A flick of a finger and you can travel from Aberdeen to Adelaide. But there’s so much more to globes that a geographical overview of our little planet. The Globe Museum in Vienna introduces you to the art and science of these magical spheres, with some rather magnificent examples to admire.
- (Obviously) lots of globes on display, dating back as far as 1536
- Interactive learning stations, too
- Also includes celestial, moon, and planetary globes
- All information provided in both German and English
- €5 for an adult ticket, which gets you into the Papyrus and Esperanto museums as well. The Vienna Pass includes one-time free entry
- See also: Vienna Museums
Mercator and more
(Terrestrial globe by Willem Janszoon Blaeu, 1645 – 1648. Image courtesy of the Rijksmuseum)
Globes have something mystical about them, with the whole earth condensed into a small ball and echoes of long-gone days when “here be dragons” was a plausible entry on maps. Most of us spent at least some time as a child poking at a globe with a finger and discovering just how little geography we know.
The Austrian National Library’s Globe Museum – the only one of its kind in the world – recreates that wonder with glass cabinets bursting with one exhibit after another.
There’s the educational component, obviously. Touchscreens introduce you to the history, production, and use of globes, as well as their digital equivalent – the hyperglobe. So you grasp their role as works of art, representative status symbols, scientific tools, and navigational aids.
All of which is fine and dandy, but the true wonder is in the globes themselves. And there are dozens to admire. For example…
- The Sphaera Stellifera celestial globe from the 1620s with its representations of star signs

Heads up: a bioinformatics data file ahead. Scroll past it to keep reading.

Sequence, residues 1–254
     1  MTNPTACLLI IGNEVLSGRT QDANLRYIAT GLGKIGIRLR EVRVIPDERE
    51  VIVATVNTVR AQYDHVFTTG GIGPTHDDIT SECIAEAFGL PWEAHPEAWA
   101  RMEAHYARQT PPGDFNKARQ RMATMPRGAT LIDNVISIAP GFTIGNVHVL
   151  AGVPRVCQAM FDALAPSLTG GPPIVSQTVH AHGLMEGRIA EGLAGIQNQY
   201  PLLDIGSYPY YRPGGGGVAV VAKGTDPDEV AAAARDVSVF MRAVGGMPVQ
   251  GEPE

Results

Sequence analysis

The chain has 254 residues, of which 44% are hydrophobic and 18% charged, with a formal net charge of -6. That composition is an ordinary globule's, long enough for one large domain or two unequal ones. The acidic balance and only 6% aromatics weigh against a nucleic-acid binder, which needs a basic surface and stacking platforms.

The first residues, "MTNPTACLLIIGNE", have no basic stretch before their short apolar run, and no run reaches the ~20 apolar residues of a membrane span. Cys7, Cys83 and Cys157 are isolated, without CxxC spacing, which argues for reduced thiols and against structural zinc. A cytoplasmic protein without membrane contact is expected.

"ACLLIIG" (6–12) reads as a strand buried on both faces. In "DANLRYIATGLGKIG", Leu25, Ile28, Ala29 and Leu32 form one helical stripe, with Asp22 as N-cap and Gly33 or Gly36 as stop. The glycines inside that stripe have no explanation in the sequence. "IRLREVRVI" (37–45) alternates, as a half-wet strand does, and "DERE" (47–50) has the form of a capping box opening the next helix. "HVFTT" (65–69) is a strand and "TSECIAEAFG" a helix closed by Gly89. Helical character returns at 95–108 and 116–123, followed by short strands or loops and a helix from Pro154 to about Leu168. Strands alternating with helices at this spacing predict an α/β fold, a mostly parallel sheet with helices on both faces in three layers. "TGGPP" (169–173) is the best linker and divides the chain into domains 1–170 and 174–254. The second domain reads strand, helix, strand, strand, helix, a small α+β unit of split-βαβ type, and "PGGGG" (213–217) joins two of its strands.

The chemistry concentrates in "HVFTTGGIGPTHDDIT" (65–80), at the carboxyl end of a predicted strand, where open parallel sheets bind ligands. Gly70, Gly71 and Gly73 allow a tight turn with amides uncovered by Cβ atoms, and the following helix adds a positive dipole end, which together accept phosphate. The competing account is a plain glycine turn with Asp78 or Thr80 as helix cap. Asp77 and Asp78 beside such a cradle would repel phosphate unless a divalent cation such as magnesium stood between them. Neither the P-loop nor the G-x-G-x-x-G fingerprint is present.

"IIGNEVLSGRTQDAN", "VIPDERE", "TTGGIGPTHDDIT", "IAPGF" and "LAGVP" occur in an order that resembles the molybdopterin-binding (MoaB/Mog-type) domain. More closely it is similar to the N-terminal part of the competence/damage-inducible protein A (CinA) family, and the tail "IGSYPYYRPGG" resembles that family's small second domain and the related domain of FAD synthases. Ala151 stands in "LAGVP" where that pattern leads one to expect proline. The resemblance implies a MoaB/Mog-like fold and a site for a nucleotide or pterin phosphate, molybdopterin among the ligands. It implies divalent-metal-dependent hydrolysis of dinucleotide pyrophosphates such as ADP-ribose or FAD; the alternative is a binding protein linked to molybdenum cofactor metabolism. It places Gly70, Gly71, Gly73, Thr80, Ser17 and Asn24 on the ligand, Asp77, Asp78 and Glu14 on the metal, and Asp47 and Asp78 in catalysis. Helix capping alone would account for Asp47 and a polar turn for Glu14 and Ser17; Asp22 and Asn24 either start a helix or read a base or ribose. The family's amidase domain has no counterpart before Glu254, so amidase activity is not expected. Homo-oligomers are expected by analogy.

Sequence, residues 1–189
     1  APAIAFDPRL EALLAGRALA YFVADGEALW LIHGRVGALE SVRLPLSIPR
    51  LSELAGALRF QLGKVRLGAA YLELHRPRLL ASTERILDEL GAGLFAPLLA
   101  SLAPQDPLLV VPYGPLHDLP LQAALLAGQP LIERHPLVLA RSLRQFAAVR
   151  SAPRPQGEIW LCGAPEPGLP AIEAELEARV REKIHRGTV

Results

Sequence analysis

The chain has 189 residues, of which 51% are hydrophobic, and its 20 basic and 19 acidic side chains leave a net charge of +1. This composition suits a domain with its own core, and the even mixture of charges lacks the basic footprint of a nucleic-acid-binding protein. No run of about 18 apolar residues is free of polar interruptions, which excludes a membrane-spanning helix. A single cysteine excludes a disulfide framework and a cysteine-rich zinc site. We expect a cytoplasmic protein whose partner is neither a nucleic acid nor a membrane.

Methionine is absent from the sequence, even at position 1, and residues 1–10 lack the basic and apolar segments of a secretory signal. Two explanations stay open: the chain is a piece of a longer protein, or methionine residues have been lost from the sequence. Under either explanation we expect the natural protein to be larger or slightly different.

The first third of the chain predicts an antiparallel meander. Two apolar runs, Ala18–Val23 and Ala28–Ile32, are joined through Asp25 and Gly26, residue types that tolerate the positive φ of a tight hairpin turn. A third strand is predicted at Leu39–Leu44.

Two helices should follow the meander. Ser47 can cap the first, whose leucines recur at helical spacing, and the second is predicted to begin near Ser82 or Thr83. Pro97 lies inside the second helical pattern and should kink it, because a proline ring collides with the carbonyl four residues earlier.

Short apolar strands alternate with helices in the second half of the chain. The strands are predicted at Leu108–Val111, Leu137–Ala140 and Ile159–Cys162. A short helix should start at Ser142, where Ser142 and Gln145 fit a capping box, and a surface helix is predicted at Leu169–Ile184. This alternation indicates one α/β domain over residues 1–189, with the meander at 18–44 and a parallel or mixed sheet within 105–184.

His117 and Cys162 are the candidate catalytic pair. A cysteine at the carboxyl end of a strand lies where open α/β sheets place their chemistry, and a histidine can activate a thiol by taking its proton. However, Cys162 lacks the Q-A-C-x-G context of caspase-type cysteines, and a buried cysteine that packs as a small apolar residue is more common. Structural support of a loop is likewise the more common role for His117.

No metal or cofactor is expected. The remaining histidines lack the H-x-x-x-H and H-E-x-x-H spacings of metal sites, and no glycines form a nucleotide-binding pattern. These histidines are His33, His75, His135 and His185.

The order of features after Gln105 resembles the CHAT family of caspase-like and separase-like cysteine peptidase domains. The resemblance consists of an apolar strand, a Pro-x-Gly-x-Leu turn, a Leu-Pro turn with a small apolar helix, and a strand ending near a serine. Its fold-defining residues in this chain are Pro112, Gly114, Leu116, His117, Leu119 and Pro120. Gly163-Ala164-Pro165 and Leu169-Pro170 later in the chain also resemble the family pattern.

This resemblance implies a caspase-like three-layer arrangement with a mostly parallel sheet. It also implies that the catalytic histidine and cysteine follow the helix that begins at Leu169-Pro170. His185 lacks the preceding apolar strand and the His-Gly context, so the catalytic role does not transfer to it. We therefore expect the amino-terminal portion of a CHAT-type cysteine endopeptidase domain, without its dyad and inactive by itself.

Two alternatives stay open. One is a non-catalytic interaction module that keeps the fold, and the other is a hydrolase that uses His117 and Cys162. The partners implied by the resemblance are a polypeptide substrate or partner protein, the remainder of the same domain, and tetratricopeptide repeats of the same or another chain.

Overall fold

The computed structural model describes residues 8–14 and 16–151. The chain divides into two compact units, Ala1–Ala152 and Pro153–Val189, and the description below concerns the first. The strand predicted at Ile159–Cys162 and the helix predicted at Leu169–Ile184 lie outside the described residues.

- The 1541 Mercator globe, which you can also examine digitally to discover where 16th-century geographers got it right and wrong. (Poor Australia)
- A whole series of globes for the moon and solar system planets
- The richly decorated 1688 earth globe by Vincenzo Coronelli, who made globes for such luminaries as the Duke of Parma, France’s Louis XIV, and the Holy Roman Emperor Leopold I. (The National Library’s Prunksaal has another wonderful pair of giant Coronelli globes)
- The 1536 globe by Gemmas Frisius in the Rudolf Schmidt collection, the oldest globe in Austria and one of the oldest surviving globes worldwide
(Oh, and as a little bonus, one of the rooms in this small museum is the 17th-century Golden Cabinet with gorgeous baroque wall paintings.)
Tickets & visitor tips
The Globe, Esperanto and Papyrus museums of the National Library come under a combination ticket that cost just €5 for an adult at the time of writing. Visit all of them once for free with a Vienna Pass, too.
How to get to the globe museum
Rather aptly for an institution of terrestrial and celestial navigation, you should have no trouble finding the Globe Museum, which shares premises in Palais Mollard with the Esperanto Museum. It’s a short walk from one of the main entrances to the central Hofburg palace complex, for example. And even easier to find using public transport…
Subway: Take the U3 line to Herrengasse station and the building is more or less opposite the Herrengasse exit.
Tram/bus: Take bus 1A or 2A to the Herrengasse or Michaelergasse stops.
Address: Herrengasse 9, 1010 Vienna | Website